Monday, April 08, 2013

88% of IIT-Bombay students say professors inept

Around 88% Indian Institute of Technology-Bombay (IIT-B) students claim that they do not study as their professors do not manage to generate interest in their courses. While a few teachers are enthusiastic about teaching, others are not, reveals the second part of a survey conducted by the student's magazine Insight. Fed up with criticism about their "poor performance" compared to previous batches, a group of IITians from the current batch had conducted a survey on the campus.

The first part of the survey focusing on why students don't study at IIT-B, published in the January issue, had revealed that if not put on a deadline for an assignment, 75% students do not spend any time on academics. While more than 75% IITians seem to be more interested in pursuing hobbies, many are hooked on to social networking and micro-blogging sites.

The second part of the survey, published in the April issue, focuses on issues concerning the teaching and learning process in the institute. In this report, students have included reactions from professors, and also made a few observations. The study says there is scope for improvement among the faculty and focuses on the need for a centre for effective teaching.

At least 72% students believe the course content is theoretical, lacks in application and therefore, is not interesting. Many IITians have sought a return to blackboard teaching as they believe that showing slides does not ensure value-addition from the teachers. The study says that teachers have cited large classes as one of the reasons for "inefficient teaching". "With a shortage of faculty, the surge in number of students has not given enough time to the teachers and for the infrastructure to evolve," says the report.

Professors claim that they have to perform two jobs - teach and research. "It is not hard to see why it is possible that research could be more interesting and teaching could be relegated to being one of the unpleasant aspects of the job for many professors," says the report. "Unfortunately, both teaching and research are full-time jobs. Increased focus on one would impact the other," says a teacher in the report. Also, 75% of the students feel they can get a decent grade even by studying a night before the exam, which reflects badly on the standards of learning process. The students have also cited examples of teachers who they think are 'cool' and manage to generate interest in the topics taught in the class.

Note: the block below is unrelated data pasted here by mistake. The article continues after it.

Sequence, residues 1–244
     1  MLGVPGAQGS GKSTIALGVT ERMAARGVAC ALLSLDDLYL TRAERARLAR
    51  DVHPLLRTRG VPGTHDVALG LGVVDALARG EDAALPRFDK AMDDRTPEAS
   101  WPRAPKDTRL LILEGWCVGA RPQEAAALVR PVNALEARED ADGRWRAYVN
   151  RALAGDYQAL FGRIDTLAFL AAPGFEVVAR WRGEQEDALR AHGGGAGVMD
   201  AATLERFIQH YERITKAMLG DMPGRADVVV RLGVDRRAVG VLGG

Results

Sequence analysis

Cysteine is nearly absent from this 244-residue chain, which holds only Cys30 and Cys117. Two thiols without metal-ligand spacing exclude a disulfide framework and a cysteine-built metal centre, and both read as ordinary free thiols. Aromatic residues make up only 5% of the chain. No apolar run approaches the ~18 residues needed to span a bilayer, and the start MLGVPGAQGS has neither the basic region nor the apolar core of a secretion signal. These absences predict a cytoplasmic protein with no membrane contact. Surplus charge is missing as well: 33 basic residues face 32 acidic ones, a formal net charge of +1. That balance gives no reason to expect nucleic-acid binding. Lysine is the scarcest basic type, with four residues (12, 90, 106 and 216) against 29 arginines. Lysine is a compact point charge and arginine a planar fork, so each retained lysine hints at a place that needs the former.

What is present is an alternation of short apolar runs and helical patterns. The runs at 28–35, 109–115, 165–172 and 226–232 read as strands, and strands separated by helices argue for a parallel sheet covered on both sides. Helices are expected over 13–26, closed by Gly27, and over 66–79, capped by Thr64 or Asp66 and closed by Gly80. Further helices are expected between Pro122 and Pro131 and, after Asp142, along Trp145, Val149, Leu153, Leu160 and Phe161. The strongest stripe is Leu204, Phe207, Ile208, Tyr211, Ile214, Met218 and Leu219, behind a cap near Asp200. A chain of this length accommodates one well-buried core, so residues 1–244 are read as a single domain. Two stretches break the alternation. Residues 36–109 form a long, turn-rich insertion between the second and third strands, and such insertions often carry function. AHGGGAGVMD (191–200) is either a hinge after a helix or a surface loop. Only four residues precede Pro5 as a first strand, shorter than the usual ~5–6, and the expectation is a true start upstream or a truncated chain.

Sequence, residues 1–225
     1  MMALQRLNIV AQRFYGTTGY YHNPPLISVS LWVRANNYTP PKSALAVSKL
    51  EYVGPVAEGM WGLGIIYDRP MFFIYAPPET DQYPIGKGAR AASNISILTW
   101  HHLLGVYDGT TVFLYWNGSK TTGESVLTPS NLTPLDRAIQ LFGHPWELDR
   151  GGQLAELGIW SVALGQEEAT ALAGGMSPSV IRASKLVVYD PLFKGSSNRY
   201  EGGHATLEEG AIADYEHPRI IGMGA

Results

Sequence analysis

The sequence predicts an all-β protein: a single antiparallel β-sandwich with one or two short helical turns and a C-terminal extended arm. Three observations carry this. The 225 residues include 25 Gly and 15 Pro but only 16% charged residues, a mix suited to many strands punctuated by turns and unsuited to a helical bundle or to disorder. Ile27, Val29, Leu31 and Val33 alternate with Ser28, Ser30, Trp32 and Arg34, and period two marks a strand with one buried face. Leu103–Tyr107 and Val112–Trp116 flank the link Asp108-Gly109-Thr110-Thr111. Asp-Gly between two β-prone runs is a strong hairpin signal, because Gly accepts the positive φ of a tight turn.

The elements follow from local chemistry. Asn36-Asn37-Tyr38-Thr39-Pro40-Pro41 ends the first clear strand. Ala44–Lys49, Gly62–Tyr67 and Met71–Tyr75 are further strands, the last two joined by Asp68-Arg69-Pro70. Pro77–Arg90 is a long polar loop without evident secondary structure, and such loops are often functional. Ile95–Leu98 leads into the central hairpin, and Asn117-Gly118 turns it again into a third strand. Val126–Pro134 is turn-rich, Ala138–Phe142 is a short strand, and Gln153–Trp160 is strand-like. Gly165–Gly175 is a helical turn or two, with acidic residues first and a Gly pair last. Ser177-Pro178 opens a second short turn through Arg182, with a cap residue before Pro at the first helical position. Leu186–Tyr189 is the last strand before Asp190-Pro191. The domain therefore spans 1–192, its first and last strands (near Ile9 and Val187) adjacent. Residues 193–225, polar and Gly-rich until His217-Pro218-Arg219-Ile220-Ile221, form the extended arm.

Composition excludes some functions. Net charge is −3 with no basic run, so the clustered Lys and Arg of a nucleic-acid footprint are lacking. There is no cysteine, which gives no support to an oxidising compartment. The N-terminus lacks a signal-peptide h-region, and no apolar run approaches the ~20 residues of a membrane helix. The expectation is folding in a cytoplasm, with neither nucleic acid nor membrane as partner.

Devang Khakhar, IIT-B Director, says, "We are constantly working on improving the teaching and learning standards. The senate committee has proposed to set up a "Centre for Effective Teaching and Learning". The institute is also making efforts to build new lecture halls to reduce the class size, and, thus increase interaction between teachers and students."

Students' observations in the report include: A centre for pedagogy is crucial for improving overall teaching standards; Maintain privacy of marks and grades as public disclosure leads to demotivation; Senior faculty can mentor new faculty; Encourage professor-student interactions outside lectures; Teaching assistants should be trained well before they are allowed to assist a course; and Continuous evaluation pattern should be followed instead of the 'four days a semester' study.

Source: The Times of India, April 8, 2013

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